What’s the buzz on bees?
Bees and wasps are a common sight when the weather gets warmer, and flowers and plants begin to bloom. But despite their essential role in nature, they can be a nuisance around homes and businesses creating anxious customers and threatening human life.
Bees and wasps are related, with approximately 20,000 species in North America and more than 800 types in Texas alone. The most common of these pests include honeybees, bumble bees, carpenter bees, yellow jackets, hornets, mud daubers, and wasps.
Though generally not aggressive, bees and wasps will sting if they feel endangered. For example, if you are too close to a nest, and wearing bright colors, or wearing cologne or perfume, they may sting.
However, some types of bees are less threatening than others. Stingless bees, as the name suggests, don’t have stingers, and cannot harm humans and animals, just like male bumble bees and male carpenter bees. Among the female species, carpenter bees are the most docile and least likely to sting. Female honeybees and bumble bees will sting, but only when provoked.
So, what should you do if you see a nest forming? Foremost, don’t panic. Take a moment to assess the situation: is there a hive nearby or is it a visiting colony? Bees are most active during the day and less active in late evening and night.
Bees and wasps are valuable members of the ecosystem, pollinating plants, flowers, and food sources, and naturally controlling the insect population. But if you do see a nest somewhere too close for comfort, here’s what to do:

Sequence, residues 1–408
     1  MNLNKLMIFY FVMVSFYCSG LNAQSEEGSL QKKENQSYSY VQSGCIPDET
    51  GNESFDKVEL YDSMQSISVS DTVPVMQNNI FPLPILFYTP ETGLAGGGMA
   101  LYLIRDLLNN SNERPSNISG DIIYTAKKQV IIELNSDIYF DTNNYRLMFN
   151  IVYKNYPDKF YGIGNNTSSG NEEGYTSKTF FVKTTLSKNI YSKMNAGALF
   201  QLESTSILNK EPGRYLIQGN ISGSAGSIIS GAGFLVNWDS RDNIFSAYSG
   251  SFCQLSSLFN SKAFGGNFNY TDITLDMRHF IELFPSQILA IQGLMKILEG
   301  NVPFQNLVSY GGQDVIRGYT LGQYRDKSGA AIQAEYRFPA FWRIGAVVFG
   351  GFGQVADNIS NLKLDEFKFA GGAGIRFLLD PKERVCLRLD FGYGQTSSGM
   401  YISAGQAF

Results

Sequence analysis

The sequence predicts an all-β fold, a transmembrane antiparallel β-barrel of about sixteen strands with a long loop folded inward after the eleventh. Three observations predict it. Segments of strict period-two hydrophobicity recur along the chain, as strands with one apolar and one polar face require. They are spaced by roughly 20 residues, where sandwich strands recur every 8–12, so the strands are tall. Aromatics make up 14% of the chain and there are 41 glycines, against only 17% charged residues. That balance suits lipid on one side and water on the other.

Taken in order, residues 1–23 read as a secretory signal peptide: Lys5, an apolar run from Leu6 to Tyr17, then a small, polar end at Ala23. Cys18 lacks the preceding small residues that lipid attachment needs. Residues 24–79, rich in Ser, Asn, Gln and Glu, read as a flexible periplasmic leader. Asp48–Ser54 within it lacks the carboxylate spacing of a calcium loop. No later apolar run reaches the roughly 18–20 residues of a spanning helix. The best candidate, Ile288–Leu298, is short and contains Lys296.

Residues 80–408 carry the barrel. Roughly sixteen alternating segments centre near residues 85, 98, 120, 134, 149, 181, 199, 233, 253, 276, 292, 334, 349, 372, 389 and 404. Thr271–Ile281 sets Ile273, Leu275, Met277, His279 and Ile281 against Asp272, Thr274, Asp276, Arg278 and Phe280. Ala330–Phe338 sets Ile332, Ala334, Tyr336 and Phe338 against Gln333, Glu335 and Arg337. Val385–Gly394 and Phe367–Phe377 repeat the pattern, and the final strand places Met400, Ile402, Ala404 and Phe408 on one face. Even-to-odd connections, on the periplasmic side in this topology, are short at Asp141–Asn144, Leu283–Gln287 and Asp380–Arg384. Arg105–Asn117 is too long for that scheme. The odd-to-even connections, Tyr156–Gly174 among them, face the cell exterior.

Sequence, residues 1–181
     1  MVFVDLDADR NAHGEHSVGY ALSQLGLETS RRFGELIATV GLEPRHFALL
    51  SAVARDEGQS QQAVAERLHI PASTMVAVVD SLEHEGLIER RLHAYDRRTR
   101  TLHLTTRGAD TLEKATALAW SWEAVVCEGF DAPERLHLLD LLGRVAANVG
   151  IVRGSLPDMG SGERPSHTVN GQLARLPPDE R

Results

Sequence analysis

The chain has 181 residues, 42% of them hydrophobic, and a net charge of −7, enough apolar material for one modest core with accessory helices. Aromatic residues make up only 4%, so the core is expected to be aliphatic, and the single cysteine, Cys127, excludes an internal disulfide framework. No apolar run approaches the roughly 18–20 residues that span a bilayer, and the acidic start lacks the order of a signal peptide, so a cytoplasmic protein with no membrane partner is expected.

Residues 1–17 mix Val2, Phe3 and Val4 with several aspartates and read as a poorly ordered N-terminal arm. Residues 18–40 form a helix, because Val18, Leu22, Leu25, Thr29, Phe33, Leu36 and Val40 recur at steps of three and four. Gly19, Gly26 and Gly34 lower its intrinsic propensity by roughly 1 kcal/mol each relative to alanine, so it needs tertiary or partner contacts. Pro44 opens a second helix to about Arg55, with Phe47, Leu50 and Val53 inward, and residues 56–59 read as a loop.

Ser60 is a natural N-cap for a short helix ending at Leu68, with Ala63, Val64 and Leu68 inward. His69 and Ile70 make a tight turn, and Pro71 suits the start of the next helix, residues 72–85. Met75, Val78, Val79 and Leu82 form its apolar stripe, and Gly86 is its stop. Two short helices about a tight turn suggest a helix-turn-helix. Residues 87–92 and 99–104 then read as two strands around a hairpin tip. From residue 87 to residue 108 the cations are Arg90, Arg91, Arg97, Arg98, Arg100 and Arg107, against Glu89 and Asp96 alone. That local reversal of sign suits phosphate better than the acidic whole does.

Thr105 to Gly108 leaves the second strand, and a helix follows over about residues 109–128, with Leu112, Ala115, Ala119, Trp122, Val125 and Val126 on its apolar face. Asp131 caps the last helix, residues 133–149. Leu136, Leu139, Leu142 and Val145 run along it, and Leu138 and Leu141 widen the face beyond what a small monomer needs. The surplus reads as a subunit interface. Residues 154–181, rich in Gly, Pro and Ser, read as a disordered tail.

Take a picture of the nest and send it to Lonestar Pest Solutions’ office via text to 210-334-1446. We will be happy to identify the nest and make a recommendation for control/service.
Ouch! What to do if you’ve been stung
– Don’t panic. Calmly walk away from the area where you were stung. Though bees can sting only once. Wasps can sting multiple times.
– Identify the location of the sting and remove the stinger promptly to minimize pain and swelling.
– Don’t use tweezers! This will force more venom from the stinger into your skin. Instead, use your fingernail or catch it with a piece of gauze.
– Wash the area with soap and water.
– Apply ice to reduce swelling. If the swelling appears in your face or neck, you have nausea, hives, dizziness, or difficulty breathing, go to the emergency room immediately.
– Take over-the-counter pain relievers to alleviate discomfort.
Leave your buzzing pests to the professionals. Contact us at 210-653-4250 or firstname.lastname@example.org to learn how we can provide solutions to alleviate pests around your home or business.